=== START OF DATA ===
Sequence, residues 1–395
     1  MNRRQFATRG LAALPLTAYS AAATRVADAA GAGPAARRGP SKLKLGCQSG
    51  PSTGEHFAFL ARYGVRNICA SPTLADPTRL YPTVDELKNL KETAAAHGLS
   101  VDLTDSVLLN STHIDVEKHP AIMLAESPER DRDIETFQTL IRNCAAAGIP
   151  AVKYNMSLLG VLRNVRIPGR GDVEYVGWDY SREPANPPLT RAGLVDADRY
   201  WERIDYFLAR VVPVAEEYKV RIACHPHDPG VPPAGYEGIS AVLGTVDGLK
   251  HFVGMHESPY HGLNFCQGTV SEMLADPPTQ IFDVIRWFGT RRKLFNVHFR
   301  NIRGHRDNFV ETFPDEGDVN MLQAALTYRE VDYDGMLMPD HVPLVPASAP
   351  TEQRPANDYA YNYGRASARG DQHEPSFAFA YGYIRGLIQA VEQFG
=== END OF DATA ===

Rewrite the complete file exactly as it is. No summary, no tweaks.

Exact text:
Sequence, residues 1–395
     1  MNRRQFATRG LAALPLTAYS AAATRVADAA GAGPAARRGP SKLKLGCQSG
    51  PSTGEHFAFL ARYGVRNICA SPTLADPTRL YPTVDELKNL KETAAAHGLS
   101  VDLTDSVLLN STHIDVEKHP AIMLAESPER DRDIETFQTL IRNCAAAGIP
   151  AVKYNMSLLG VLRNVRIPGR GDVEYVGWDY SREPANPPLT RAGLVDADRY
   201  WERIDYFLAR VVPVAEEYKV RIACHPHDPG VPPAGYEGIS AVLGTVDGLK
   251  HFVGMHESPY HGLNFCQGTV SEMLADPPTQ IFDVIRWFGT RRKLFNVHFR
   301  NIRGHRDNFV ETFPDEGDVN MLQAALTYRE VDYDGMLMPD HVPLVPASAP
   351  TEQRPANDYA YNYGRASARG DQHEPSFAFA YGYIRGLIQA VEQFG